The Work Programme is the latest government-contracted employment programme, which aims to support long-term jobseekers into work and off unemployment benefits. Launched in June 2011, the Work Programme replaced a number of previous welfare-to-work programmes and consolidates employment support for a very wide range of jobseekers into a single mainstream programme. Providers, who are predominantly commercial companies, provide support to participants, and receive payments for finding participants sustained employment. In Wales one in nine people who joined the Work Programme in its first two years found sustained employment (defined as 13 or 26 weeks). This is the lowest rate in Great Britain, though not much lower than the average. The Committee's conclusions include: Working Links Wales and Rehab Jobfit-the two providers operating in Wales-must ensure that both they and their subcontractors have specific measures in place to support lone parents; and that Work Programme participants in Wales-unlike those in England-cannot access European Social Fund training and skills courses which is hampering the performance of the Work Programme in Wales and ultimately the opportunities available to the long-term unemployed. Similarly, DWP must enable participants to exit the Work Programme if required in order to access Jobs Growth Wales. The key issue here seems to be that there is a lack of flexibility in and between the various programmes set up to get people into work, and that this lack of flexibility appears to be more marked in WalesYou would be perfectly happy for somebody on the Work Programme to access training via Jobs Growth Wales, the Welsh schemeaperfectly happy on your part. There is no issue for the British Government in that and there is no Europeananbsp;...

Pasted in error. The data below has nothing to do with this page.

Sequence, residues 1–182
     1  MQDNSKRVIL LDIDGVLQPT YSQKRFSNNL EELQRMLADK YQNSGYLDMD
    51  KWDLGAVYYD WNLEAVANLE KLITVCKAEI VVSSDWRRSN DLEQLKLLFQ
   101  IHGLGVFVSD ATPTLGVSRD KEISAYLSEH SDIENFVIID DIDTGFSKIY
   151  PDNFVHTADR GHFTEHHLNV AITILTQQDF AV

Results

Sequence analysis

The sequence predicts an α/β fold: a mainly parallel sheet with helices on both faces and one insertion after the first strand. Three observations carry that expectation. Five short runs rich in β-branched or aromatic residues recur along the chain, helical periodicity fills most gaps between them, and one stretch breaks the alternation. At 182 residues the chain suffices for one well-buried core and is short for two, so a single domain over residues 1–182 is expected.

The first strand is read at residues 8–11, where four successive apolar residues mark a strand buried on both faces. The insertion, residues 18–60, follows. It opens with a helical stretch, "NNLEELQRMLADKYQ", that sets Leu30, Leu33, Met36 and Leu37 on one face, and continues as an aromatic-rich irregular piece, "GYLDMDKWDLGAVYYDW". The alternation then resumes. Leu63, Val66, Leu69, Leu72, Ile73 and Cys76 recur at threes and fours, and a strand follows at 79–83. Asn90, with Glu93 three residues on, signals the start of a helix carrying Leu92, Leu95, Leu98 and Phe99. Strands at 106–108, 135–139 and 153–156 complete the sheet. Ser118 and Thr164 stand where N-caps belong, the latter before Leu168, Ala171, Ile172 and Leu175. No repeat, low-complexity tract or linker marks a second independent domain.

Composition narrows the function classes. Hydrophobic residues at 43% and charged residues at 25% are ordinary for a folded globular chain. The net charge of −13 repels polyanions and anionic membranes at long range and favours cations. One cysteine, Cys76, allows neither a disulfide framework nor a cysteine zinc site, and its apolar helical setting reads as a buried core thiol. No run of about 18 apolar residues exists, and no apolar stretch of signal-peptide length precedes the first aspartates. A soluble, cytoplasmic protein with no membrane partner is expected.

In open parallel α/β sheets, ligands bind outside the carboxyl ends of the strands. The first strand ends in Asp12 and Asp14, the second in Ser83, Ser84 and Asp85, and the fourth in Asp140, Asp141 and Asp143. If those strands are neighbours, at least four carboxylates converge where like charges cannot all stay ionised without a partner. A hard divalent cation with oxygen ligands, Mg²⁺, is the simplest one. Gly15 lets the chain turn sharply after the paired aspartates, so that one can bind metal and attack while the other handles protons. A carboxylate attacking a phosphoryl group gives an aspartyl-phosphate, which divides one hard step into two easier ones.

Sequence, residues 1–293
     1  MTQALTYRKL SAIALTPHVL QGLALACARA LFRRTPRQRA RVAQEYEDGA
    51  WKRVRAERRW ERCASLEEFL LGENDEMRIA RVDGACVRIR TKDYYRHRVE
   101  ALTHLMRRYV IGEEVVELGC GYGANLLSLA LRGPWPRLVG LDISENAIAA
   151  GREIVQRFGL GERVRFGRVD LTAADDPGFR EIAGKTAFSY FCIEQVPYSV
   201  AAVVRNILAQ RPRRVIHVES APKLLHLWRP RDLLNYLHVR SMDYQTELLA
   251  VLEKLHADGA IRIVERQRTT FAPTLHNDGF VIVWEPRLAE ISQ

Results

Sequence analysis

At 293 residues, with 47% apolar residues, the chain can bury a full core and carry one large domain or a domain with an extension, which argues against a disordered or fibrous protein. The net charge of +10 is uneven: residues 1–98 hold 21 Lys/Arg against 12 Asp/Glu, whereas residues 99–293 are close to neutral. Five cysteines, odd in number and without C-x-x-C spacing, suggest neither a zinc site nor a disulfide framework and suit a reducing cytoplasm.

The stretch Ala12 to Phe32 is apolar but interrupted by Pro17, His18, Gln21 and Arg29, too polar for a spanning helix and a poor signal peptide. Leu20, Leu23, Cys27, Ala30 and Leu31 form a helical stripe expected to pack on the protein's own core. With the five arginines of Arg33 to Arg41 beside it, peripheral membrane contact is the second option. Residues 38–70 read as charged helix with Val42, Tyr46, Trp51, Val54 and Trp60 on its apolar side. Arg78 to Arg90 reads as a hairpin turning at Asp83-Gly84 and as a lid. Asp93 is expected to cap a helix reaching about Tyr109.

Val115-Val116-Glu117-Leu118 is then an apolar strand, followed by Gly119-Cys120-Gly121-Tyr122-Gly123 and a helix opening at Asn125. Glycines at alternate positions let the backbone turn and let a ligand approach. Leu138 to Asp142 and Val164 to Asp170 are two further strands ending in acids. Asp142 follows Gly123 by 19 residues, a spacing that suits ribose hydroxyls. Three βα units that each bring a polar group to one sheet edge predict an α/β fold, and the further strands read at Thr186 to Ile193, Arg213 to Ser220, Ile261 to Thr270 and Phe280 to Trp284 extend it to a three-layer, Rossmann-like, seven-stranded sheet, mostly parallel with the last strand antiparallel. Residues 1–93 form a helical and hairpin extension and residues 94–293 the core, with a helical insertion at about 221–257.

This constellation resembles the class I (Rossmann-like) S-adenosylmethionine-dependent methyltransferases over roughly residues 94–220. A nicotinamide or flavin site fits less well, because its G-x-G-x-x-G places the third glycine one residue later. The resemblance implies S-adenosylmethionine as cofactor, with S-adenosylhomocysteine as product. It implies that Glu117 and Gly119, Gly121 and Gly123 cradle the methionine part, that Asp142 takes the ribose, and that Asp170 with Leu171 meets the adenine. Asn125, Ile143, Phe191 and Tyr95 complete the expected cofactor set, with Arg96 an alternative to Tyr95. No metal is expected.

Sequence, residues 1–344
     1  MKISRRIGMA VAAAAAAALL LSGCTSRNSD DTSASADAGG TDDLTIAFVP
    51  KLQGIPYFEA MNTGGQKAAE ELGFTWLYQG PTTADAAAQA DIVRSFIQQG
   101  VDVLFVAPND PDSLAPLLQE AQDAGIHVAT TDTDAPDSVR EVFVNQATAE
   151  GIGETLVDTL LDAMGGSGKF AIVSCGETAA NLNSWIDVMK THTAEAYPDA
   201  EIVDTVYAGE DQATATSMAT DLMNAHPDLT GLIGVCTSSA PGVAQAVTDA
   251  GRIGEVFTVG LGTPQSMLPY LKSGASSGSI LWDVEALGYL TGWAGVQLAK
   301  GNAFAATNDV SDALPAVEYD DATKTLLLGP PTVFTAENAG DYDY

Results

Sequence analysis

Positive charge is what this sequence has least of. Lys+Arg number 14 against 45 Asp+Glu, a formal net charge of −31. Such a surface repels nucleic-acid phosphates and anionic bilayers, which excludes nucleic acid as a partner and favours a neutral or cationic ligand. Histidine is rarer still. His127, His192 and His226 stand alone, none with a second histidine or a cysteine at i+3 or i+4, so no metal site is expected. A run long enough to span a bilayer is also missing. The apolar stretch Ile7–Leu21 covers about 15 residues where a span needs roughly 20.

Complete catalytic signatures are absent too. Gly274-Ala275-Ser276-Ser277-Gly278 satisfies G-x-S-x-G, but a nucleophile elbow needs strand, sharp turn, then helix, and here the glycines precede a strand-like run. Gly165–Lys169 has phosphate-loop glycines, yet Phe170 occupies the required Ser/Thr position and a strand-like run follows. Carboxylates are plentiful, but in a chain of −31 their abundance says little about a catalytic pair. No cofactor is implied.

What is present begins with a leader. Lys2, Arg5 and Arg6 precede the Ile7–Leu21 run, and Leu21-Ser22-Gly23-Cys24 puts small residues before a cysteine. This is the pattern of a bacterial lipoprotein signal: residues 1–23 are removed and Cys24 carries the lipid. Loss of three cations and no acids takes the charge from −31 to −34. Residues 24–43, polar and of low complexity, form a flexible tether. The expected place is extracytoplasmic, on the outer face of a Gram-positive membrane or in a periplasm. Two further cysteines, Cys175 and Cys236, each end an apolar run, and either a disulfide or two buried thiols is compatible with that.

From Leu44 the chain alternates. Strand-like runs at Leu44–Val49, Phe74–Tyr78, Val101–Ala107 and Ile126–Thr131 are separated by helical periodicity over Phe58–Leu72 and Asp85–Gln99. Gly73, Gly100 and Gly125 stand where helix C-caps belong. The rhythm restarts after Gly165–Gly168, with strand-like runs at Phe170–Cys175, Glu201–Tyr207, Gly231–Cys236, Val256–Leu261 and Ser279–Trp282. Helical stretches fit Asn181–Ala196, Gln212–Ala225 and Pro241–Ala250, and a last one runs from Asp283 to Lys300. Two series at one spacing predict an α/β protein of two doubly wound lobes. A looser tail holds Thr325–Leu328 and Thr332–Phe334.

|Title||:||House of Commons - Welsh Affairs Committee: The Work Programme in Wales - HC 264|
|Author||:||Great Britain: Parliament: House of Commons: Welsh Affairs Committee|
|Publisher||:||The Stationery Office - 2013-11-04|